Staff reductions, operational adjustments and rent negotiations are plaguing local restaurateurs as they have faced a time-consuming loan application process for the federal Paycheck Protection Program (PPP).
For PPP loans to be forgiven, 75 percent of each loan granted must be used to pay employees while the remaining 25 percent can be used to pay rent, taxes and utilities. If this ratio is not kept, and verified by a paper trail, the loan will need to be repaid in full – with modest interest.
Ric Gruber, owner of Billy Bricks Wood Fired Pizza, 128 N. Oak Park Ave., is fighting for the survival of his Oak Park location — one of eight Billy Bricks establishments in the western suburbs. Gruber notes, even prior to COVID-19, his Oak Park location has consistently been the most expensive to operate.
“Our Oak Park location has the highest taxes and rent of any store; we’ve even had to raise our prices here to offset the added expenses, but that doesn’t really work because our prices can only get pushed so high.”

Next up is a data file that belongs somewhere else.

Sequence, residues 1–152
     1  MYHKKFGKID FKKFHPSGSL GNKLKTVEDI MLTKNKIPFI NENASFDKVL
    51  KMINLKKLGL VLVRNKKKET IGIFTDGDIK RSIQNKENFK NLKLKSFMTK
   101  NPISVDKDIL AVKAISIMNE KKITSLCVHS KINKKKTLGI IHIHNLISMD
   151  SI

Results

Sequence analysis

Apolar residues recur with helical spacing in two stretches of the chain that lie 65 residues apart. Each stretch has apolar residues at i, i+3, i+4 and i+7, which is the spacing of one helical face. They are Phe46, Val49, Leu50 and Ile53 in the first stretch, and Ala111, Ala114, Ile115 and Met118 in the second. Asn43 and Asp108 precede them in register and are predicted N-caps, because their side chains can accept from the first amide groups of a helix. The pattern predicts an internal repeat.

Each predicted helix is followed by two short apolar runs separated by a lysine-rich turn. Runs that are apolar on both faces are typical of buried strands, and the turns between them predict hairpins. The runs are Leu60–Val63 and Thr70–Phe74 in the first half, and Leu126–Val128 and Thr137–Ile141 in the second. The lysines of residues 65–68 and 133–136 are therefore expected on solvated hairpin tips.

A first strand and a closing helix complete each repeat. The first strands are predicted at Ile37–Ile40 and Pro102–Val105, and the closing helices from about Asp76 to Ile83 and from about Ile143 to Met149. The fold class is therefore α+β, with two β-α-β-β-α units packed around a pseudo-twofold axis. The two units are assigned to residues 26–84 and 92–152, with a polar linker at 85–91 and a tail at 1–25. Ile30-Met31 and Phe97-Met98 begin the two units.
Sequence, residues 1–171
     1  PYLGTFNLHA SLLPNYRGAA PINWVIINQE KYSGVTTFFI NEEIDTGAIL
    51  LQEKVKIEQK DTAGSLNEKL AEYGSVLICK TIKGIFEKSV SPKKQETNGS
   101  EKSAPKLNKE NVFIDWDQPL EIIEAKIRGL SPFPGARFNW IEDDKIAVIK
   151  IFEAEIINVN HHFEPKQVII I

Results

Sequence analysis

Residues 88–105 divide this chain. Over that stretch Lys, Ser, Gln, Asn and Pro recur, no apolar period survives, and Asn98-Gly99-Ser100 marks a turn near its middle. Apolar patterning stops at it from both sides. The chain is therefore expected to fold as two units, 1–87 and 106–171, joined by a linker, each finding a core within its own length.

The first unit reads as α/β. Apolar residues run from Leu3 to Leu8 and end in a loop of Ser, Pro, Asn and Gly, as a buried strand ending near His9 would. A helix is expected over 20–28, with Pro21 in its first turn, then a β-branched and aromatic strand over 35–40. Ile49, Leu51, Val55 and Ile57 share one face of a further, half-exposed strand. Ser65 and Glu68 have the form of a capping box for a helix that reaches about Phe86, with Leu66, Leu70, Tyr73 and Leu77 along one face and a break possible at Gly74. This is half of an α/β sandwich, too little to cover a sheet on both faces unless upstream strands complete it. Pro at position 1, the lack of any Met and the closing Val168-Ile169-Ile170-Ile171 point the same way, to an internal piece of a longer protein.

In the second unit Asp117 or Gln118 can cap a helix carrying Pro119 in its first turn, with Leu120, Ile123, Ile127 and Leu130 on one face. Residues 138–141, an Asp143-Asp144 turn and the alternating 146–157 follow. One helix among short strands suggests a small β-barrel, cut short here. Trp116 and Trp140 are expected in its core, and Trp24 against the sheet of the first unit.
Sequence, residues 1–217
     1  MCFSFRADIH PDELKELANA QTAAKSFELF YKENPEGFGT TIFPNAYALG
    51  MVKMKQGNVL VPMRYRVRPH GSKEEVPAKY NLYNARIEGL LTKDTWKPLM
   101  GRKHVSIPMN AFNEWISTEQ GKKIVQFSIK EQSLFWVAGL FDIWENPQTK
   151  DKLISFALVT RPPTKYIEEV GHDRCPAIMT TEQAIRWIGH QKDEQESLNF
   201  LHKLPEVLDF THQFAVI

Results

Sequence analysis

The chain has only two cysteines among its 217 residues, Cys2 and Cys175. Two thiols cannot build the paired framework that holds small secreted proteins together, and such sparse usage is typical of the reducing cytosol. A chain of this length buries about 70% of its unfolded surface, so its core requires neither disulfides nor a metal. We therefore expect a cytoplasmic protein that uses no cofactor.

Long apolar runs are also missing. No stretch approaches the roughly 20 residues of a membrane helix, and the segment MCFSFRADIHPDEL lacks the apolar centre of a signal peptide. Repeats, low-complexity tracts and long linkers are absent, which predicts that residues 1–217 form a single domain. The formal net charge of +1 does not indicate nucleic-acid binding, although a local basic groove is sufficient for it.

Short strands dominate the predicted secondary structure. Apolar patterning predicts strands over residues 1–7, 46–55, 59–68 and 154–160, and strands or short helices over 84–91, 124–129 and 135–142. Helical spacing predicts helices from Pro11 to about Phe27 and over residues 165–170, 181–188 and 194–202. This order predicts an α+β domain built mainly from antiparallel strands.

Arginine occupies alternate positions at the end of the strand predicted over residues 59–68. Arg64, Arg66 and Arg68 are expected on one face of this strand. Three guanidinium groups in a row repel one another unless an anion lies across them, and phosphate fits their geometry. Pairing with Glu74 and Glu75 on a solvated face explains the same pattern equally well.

Business has slowed at Billy Bricks in the face of COVID-19, but rent payments are still coming due. Gruber was able to negotiate a 50 percent rent reduction through a broker for April, but the second half of his rent would not be forgiven. Gruber has not spoken directly to his landlord but hopes for an in-person meeting to discuss the potential for back rental forgiveness due to the extreme revenue limitations COVID-19 has caused.
“Our landlord is under no legal obligation to negotiate with us,” said Gruber. “But I would like to see some flexibility. I’d like to temporarily adjust our rent based on the square footage of the restaurant we are currently able to use.”
To complicate matters Billy Bricks has yet to receive a PPP loan.
“We sent our bank, Fifth Third, all of our paperwork on March 30 and they didn’t “process” it before the money ran out,” said Gruber. “I guess they were too busy with their bigger customers.”